Skip to content

Q’s Theory of Change

Theory of change sets out the core elements of what Q is trying to achieve, and how.

The theory of change was developed through reviewing existing evidence and a substantial co-design process in Q’s development phase (2015). It was then revised in 2018 to integrate the evaluation findings so far (especially Ling et al, 2018) and a ‘stocktake’ process involving stakeholder consultation.

Fundamental to Q’s theory of change is the need for an effective infrastructure underpinned by a secure governance structure and a central staff team that attracts a diverse group of members through compelling communications. This infrastructure delivers a range of platforms that support improvement including online and face-to-face activities, resources and spaces that spread knowledge, skills and expertise.

The infrastructure and platforms support a connected community leading improvement across the health and care system where members are connecting (both within and beyond the community), collaborating (to undertake improvement activities), supporting (both each other and influencing improvement contexts) and developing (learning skills, knowledge and building capacity). These four processes can be seen as the key mechanisms of change that link the infrastructure and platforms to the resulting positive change that Q is aiming to achieve. Individual elements of Q don’t fit neatly in to one of these processes and, indeed, it is their interrelation that leads to greater impact from improvement.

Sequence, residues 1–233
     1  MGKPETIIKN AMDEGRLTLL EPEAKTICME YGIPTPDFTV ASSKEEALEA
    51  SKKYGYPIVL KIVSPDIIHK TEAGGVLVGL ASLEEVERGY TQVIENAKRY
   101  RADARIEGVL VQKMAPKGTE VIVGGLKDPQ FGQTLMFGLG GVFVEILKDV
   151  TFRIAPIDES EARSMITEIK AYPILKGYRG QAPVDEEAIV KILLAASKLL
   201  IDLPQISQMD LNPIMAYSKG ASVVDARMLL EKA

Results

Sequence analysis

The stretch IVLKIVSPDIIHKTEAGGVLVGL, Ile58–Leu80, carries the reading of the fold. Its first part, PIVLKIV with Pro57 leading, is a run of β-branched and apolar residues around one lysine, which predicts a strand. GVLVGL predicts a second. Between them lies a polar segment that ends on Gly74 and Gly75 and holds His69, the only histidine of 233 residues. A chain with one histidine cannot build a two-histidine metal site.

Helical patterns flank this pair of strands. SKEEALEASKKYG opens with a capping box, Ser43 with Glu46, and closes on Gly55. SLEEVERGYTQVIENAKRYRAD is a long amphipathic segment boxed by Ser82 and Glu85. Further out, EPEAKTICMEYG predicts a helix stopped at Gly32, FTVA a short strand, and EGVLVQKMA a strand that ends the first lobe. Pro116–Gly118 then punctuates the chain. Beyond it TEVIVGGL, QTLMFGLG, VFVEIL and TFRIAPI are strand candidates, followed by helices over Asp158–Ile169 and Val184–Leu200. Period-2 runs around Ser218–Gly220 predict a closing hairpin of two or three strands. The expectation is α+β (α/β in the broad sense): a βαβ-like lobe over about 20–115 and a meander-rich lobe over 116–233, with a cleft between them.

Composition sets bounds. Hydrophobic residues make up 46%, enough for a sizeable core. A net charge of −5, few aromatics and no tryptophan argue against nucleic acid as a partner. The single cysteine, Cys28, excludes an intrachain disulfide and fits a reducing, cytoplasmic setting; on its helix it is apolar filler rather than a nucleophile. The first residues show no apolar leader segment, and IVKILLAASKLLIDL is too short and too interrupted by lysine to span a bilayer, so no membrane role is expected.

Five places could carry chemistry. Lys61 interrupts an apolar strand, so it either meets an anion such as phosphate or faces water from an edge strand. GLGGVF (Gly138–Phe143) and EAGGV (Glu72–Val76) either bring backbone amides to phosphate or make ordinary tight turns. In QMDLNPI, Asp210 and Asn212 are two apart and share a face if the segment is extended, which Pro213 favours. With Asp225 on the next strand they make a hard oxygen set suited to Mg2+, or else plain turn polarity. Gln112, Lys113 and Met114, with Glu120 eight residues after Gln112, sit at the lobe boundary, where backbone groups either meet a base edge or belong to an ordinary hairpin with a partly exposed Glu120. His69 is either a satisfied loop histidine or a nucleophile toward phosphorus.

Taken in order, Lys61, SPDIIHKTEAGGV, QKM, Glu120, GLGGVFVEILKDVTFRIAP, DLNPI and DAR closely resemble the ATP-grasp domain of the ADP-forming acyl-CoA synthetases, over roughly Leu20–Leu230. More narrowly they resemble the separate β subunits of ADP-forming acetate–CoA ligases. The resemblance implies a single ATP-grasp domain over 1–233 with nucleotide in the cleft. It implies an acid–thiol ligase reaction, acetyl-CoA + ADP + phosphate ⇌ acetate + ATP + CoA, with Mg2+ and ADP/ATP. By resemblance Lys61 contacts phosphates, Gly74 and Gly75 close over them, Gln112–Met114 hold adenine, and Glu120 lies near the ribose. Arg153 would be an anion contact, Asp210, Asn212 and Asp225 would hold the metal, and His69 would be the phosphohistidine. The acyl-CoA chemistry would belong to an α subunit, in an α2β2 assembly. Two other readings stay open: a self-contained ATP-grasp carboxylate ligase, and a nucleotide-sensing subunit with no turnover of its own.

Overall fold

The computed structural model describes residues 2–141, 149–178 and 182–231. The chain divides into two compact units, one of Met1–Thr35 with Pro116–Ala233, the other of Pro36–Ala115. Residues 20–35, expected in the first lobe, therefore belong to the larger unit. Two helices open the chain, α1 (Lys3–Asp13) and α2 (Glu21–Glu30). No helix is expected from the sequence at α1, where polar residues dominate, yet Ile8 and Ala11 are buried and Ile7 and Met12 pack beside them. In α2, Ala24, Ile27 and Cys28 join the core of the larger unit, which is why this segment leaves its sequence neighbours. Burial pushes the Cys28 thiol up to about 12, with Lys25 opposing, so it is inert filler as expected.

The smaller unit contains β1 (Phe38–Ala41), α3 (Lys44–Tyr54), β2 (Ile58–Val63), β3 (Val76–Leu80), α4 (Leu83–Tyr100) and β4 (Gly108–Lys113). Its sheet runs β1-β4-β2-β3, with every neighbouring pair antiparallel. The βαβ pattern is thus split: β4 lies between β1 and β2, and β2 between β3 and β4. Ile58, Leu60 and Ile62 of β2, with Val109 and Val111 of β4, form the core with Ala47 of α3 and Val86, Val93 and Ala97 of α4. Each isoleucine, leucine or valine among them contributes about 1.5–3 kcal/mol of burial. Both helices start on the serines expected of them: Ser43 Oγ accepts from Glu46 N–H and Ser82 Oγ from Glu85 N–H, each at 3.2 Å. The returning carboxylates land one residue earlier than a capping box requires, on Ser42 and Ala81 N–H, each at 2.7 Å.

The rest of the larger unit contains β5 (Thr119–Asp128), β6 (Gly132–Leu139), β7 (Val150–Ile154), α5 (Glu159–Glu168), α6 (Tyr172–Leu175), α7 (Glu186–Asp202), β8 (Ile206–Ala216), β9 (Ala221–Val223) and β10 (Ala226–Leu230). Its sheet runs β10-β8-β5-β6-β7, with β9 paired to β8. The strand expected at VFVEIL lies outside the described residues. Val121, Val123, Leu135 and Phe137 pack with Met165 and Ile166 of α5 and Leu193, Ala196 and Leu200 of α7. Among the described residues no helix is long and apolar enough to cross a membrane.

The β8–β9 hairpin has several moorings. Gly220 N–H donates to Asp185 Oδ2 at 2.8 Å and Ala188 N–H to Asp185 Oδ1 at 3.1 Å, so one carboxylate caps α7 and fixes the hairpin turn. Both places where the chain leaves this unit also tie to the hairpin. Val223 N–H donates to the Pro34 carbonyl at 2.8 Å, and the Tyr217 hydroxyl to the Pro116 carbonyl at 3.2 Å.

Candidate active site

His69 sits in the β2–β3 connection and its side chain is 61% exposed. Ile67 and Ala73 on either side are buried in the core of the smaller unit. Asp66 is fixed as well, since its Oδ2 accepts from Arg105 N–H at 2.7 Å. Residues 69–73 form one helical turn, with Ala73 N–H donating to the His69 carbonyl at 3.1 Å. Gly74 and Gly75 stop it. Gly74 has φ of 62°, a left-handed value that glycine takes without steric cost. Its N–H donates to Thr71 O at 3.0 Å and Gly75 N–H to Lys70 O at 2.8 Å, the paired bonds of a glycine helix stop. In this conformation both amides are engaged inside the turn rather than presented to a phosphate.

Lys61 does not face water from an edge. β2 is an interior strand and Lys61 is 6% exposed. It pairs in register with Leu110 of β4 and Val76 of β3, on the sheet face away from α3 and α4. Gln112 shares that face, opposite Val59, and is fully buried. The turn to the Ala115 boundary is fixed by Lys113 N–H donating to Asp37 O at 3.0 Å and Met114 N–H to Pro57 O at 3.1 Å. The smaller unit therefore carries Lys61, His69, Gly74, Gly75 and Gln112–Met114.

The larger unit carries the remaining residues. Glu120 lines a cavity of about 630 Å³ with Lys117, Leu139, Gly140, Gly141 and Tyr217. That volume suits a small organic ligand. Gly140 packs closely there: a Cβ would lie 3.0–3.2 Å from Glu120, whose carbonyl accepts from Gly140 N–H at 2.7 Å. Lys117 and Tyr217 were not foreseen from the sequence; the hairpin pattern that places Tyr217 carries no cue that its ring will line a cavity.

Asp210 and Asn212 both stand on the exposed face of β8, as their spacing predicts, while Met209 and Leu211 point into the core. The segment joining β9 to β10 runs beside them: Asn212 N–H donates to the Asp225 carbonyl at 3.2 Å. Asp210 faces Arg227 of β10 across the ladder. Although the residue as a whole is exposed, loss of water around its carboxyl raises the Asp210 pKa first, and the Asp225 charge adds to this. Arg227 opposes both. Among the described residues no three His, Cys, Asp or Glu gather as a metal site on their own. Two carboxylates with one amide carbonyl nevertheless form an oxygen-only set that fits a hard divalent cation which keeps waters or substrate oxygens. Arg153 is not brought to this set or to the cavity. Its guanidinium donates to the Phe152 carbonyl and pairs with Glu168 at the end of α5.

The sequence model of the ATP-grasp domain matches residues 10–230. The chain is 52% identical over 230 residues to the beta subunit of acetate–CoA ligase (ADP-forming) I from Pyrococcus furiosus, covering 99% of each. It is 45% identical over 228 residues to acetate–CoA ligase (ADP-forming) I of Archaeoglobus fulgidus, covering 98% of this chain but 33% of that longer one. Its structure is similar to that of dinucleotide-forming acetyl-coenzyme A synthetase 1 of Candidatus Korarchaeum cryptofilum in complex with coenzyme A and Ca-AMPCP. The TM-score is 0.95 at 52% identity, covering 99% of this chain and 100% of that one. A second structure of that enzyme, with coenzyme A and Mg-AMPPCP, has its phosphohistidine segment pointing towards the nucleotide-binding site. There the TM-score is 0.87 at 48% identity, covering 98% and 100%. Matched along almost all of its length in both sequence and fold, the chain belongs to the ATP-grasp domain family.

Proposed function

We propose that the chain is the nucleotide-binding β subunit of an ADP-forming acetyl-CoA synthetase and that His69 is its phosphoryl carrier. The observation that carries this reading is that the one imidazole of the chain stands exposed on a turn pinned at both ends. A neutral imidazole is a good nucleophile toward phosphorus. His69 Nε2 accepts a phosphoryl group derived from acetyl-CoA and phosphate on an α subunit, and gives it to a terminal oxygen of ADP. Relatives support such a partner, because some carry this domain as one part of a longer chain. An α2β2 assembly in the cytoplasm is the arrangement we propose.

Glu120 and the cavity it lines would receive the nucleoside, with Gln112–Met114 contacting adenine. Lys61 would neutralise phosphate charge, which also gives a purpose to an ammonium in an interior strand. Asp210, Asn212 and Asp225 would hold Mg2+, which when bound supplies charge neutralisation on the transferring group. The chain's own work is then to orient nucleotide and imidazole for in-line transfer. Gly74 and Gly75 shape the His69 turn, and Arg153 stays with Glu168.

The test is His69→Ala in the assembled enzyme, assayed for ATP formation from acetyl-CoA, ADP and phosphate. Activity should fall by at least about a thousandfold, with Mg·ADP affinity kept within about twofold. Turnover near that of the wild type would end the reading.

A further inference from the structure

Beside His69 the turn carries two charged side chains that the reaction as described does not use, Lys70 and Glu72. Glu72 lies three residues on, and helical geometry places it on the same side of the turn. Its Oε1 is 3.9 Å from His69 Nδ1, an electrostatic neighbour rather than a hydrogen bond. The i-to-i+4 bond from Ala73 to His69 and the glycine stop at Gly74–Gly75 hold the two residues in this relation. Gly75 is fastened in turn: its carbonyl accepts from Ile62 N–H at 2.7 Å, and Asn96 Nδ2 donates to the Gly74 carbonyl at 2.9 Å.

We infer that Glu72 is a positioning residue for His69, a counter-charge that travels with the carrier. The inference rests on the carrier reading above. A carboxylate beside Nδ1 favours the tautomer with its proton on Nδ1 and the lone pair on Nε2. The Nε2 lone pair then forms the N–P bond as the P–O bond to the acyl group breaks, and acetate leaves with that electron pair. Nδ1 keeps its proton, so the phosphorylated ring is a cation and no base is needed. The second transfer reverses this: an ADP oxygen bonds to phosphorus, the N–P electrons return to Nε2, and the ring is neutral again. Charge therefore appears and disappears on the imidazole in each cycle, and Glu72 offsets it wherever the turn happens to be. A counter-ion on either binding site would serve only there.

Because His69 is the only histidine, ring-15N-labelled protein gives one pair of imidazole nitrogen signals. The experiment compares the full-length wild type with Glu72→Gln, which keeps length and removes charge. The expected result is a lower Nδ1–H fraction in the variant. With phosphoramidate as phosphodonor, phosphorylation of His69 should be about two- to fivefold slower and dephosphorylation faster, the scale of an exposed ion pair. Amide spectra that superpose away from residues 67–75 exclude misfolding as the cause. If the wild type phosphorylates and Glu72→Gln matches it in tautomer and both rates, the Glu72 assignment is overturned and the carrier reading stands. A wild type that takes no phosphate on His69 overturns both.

This impact is seen in members being inspired and energised as well as possessing greater skills to work with others to deliver improvements to services and accelerate progress on key priorities. Ultimately, the hypothesis is that this will contribute to sustainable improvement in health and care across the UK through more visible and better-connected improvers, more effective across team working and a workforce that is more actively involved in embedding successful initiatives.

The nested boxes and arrows convey that influence is not linear and that Q operates at multiples levels that impact on each other. The extent to which Q is able to demonstrate a positive impact on the context for improvers, and the wider system will influence in turn the extent to which Q’s infrastructure, activities and community are motivated and supported to engage. While difficult to convey on paper, Q has the organic, dynamic characteristics of a large-scale community.

Q’s theory of change is dynamic and will be periodically reviewed based on emerging evidence and priorities including at the formal review stages in 2025 and 2030.